My answers to questions agents ask writers

Matthew Arnold Stern at Indie Author Day in AnaheimChuck Sambuchino of Writer’s Digest posted a helpful column by Lisa Katzenberger listing four questions agents ask writers at pitch sessions. I’m working to get my new novels published, so here are my answers to those questions. If you’re a writer, my responses may help you formulate your own answers. If you’re an agent or publisher, please read on.

Are you working on anything else?

In addition to The Remainders, I completed a draft of my new novel Amiga that I’m sending to beta readers. I am also looking at reviving a series I started.

Who are your favorite authors?

My all-time favorite is Kurt Vonnegut. I binge-read him in college, and the first new hardcover book I ever bought for myself was his 1979 novel Jailbird. What I love about Vonnegut is how he combines humor with serious themes and absurdity with personally tragic stories. I also like the density and economy of his writing. He packed a lot of story and theme into short books. Of current authors, I like John Green for many of the same reasons.

What kind of writer are you?

I consider myself a cubicle author. I find that many of my stories, including my alternate history novel Doria, take place in offices. Our work lives aren’t often covered in fiction, even though we spend over a third of our day at our jobs and define ourselves by our careers. (When we meet new people, “What do you do?” is the second question after “What is your name?”) In cubicles, we can find enough drama, humor, and personal growth to create engrossing and entertaining stories.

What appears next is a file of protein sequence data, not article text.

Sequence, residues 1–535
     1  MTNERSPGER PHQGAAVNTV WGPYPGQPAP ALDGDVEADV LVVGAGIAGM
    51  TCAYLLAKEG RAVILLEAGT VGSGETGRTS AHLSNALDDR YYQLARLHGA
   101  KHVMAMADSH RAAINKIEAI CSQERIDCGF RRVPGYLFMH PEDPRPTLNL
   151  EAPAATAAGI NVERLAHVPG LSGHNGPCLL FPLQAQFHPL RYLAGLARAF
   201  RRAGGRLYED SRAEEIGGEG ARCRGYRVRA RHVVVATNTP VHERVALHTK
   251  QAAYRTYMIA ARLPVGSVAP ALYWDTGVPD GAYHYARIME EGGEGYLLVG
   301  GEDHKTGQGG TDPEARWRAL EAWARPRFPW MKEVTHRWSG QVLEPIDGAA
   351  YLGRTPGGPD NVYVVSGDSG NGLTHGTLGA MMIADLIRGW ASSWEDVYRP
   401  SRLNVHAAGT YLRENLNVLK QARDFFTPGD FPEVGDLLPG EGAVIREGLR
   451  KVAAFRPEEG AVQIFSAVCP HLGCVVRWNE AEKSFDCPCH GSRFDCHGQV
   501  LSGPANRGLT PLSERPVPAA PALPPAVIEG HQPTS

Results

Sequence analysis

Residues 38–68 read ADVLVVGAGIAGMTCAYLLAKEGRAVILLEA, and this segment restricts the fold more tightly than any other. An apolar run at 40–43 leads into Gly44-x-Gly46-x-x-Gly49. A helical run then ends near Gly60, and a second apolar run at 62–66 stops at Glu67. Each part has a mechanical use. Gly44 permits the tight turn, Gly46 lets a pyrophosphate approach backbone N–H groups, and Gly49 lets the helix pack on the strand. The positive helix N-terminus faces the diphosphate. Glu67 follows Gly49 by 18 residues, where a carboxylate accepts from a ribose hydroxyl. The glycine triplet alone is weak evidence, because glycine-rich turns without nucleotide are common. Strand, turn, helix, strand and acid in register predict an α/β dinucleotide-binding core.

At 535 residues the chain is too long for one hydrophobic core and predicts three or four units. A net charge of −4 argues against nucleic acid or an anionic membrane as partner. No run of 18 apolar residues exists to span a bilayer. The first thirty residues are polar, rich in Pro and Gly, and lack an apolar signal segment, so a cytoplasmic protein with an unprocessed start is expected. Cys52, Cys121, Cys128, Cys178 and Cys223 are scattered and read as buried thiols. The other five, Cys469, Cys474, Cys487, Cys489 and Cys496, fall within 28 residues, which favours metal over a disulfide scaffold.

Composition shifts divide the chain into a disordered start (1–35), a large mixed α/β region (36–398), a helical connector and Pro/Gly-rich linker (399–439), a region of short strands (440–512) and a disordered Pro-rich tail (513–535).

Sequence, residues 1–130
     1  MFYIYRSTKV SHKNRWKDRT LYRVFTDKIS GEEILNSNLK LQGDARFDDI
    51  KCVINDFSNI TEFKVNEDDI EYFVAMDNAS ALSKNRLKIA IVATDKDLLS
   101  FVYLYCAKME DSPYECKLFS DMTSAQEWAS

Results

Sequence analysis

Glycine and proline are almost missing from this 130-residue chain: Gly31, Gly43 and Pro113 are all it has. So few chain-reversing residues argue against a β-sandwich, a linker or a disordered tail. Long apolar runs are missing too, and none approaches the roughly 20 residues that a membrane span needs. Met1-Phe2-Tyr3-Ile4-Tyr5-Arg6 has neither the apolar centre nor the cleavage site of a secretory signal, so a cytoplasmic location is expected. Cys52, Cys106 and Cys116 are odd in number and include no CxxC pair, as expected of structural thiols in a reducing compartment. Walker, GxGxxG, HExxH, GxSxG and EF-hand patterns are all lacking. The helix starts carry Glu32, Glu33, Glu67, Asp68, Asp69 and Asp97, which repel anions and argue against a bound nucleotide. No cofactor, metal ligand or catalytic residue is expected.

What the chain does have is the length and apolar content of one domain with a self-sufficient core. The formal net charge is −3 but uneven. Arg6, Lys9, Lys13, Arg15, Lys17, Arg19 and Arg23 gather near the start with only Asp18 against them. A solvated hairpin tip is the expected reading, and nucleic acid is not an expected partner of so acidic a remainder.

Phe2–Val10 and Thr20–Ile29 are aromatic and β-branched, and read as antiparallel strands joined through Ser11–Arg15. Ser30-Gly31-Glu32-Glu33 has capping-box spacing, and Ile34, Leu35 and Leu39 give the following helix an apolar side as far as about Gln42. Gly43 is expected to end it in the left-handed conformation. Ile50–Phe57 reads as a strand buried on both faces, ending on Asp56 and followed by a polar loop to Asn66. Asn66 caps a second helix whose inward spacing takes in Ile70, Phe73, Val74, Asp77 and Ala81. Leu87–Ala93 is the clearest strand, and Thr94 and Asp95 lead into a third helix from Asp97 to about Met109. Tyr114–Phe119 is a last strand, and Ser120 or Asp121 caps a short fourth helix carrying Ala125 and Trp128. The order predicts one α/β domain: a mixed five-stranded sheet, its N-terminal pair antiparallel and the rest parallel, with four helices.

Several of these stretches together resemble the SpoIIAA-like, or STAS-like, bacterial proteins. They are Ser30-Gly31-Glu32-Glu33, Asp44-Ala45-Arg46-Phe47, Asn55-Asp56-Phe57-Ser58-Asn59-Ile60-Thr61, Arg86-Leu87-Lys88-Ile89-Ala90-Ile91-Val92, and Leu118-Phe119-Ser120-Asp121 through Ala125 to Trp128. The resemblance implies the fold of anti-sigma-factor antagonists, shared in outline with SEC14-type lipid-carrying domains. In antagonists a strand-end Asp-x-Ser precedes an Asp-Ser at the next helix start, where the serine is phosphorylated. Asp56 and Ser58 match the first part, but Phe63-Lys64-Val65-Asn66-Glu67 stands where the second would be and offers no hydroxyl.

Where did this story come from?

My stories come from fear, and I write to seek solutions. The Remainders comes from a personal crisis, and I express my hope that we can grow from the experience and find redemption and reconciliation. Amiga comes from my concerns about being middle-age in a youth-oriented job market. We worry that our jobs will be taken from us by Millennials who grew up with the technology we developed. Amiga shows how our past experiences can help us deal with present-day crises, including the political changes we’re going through.